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Rendering the future of design education

May 1, 2018

Environmental design students unveil plans in first-ever partnership with Phoenix Art Museum

If you had the opportunity to build your ideal career path at a pace and in a space tailor-made just for you — what would it look like?

That was the question design students at Arizona State University put to the test in the spring of 2018. The result: a creative-response showcase that will be unveiled at the Phoenix Art Museum on Friday.

Dubbed “The Experimental Room,” the semester-long project tasked students in the Environmental Design programAlmost 100 students from ASU's Bachelor's of Environmental Design program participated in the project to present the future of design education. in ASU’s Herberger Institute for Design and the Arts to grapple with what it means to design for an increasingly uncertain future in our human-made surroundings — and then come up with solutions.

“This year we started with something full of potential,” said the program’s coordinator, Elena Rocchi. “We’re seeking to teach lifelong learners who dream intensively, who want a hand in creating their own future.”

That future could mean a significant reduction in recidivism and a more educated prison population, according to the students behind one of the design concepts featured in “The Experimental Room.” In tackling the complex issue of how to create a system that keeps people in our free society, the group entered into a multi-step process that involved some self-reflection in the form of self-portrait collages, ethnography research, community engagement and creativity.

Under Rocchi’s guidance, students and their instructors built a hybrid classroom into the galleries of the Phoenix Art Museum, which also granted them access to texts and other materials. The articulation of their efforts manifested in a multimedia exhibit of wire-frame modules, illustrations, renderings and companion booklets that will be on display in the museum’s Cummings Great Hall.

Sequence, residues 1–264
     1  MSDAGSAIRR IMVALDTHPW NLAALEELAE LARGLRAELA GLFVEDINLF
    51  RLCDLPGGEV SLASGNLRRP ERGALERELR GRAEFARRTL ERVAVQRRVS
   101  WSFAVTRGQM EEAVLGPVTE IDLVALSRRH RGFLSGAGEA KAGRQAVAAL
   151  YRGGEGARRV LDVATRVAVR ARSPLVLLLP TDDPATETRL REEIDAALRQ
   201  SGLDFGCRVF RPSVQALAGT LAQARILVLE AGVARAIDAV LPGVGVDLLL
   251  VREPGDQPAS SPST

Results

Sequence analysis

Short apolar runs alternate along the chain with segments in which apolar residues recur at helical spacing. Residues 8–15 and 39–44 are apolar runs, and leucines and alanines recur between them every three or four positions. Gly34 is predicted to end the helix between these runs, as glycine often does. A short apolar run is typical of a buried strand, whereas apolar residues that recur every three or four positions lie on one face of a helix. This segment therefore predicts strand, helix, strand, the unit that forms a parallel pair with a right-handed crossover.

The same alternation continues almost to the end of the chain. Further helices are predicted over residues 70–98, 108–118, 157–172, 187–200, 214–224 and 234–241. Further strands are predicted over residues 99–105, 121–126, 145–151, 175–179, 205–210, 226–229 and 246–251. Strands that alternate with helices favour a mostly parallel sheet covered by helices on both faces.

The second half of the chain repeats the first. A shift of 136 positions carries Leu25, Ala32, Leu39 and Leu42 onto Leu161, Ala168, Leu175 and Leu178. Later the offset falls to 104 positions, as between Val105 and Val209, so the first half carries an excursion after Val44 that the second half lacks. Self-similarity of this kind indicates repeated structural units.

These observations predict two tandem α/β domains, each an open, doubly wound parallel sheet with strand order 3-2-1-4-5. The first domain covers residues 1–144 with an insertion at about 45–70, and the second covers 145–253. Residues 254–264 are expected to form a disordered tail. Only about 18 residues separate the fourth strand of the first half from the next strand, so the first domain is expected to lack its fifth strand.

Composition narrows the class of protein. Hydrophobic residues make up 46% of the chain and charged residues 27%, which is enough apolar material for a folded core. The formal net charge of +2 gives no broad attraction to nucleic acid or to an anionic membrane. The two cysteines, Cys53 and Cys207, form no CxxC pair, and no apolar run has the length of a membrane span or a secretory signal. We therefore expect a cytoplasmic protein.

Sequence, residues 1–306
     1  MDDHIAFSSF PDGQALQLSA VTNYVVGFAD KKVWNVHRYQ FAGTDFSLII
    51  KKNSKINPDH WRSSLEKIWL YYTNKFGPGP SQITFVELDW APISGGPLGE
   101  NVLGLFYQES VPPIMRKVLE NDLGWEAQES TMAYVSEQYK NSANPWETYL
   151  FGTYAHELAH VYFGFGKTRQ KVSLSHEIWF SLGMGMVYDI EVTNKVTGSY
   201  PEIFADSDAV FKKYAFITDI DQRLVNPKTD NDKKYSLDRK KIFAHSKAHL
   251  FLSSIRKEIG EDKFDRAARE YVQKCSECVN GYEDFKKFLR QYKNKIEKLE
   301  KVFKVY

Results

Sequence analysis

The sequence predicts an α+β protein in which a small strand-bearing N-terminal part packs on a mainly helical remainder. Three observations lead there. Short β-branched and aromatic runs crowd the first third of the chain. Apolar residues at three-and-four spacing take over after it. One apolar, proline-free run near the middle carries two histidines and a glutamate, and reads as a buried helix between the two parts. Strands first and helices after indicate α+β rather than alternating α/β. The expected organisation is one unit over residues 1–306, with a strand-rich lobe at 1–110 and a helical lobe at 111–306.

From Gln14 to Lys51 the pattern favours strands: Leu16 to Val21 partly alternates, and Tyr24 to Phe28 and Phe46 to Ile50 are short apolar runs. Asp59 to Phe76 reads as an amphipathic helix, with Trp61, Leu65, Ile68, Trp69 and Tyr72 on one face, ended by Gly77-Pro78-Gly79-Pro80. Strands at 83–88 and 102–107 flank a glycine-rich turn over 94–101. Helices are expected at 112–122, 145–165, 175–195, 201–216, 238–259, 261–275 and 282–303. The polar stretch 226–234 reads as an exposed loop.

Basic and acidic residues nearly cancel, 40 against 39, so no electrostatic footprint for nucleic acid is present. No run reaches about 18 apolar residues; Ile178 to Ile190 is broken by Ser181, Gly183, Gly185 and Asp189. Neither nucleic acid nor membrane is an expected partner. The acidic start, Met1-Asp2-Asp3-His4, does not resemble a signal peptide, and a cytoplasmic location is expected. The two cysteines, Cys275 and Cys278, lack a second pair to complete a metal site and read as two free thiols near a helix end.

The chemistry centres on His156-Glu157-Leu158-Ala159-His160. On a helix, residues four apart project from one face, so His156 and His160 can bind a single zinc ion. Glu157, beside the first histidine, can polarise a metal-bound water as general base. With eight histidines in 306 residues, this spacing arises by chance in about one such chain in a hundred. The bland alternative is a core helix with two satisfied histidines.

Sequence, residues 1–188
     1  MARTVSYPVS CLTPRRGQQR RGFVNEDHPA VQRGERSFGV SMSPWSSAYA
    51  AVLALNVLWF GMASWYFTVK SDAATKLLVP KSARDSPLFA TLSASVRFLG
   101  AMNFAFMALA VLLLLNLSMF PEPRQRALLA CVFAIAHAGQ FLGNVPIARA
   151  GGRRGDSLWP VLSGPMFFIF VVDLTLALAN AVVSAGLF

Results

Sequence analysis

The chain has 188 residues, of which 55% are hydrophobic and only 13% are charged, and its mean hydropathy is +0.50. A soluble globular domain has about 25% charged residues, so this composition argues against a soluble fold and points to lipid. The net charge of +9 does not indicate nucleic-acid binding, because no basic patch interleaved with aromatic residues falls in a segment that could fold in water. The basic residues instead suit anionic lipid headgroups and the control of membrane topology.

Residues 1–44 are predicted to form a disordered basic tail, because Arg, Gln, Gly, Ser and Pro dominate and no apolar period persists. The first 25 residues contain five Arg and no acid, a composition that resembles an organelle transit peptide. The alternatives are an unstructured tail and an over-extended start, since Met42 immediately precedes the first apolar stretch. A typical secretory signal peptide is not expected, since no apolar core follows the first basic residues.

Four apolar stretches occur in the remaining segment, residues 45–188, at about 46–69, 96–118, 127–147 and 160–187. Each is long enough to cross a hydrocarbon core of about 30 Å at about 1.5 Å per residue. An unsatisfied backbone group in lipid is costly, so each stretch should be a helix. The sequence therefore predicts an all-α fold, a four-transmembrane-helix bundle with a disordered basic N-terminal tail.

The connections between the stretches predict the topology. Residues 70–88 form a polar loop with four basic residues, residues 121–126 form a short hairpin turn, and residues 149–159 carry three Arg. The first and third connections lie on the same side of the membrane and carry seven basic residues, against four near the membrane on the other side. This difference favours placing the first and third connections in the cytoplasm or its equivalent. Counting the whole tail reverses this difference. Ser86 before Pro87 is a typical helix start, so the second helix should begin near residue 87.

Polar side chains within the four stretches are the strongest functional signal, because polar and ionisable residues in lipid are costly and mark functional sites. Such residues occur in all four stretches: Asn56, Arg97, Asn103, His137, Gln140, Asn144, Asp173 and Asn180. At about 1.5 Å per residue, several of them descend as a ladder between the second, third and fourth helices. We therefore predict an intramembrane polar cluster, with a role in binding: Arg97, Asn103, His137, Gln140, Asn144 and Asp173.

The night of the exhibition, which falls on downtown Phoenix’s culturally imbued First Fridays Art Walk, will also include diverse performances from the students from 6 to 10 p.m., as well as unique and individual chairs — a lot of them.

Student designers will bring an object of personal significance to sit on while channeling the idea of putting down roots and getting comfortable in the environmental space they have designed for themselves and the community in which they live.

“We are invited to Phoenix Art Museum during First Friday to present students' dreams of their careers as a special exhibit,” Rocchi said. “We seek to weave ourselves and ASU more deeply into the fabric of the community.”

The debut of “The Experimental Room” at the Phoenix Art Museum marks ASU Design School’s first-ever exhibition partnership with the museum. It comes in the midst of an intentional redesign of the school under the directorship of design industry leader Jason Schupbach and the restructuring of the Environmental Design program. The program seeks to create a deep awareness and knowledge of issues that influence the design of built environments and the design of artifacts with focus on sustainability, innovation and technology.

If you go: 'The Experimental Room'

Where: Phoenix Art Museum, 1625 N. Central Ave.

When: 6-10 p.m. Friday, May 4.

Admission: Free, as part of the museum's participation in First Fridays.

Top photo: A self-portrait collage by Environmental Design student Georgiana Costinean. Photo courtesy of Vincent Malouf 

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Searching for the truth: Are memos a reliable form of evidence?

May 1, 2018

ASU law professor explains the hierarchy of evidence and how contemporaneous notes would — or wouldn't — hold up in court

Former FBI Director James Comey has said he thought President Donald Trump might lie about the nature of their meetings, so he kept meticulous notes. Those notes — the infamous memos — are now the basis of a best-selling book and high-profile material in Special Counsel Robert Mueller’s federal investigation.

While these memos have garnered massive media attention, how reliable are they? Indeed, how much stock should be put in contemporaneous notes produced to document a conversation, meeting or other event?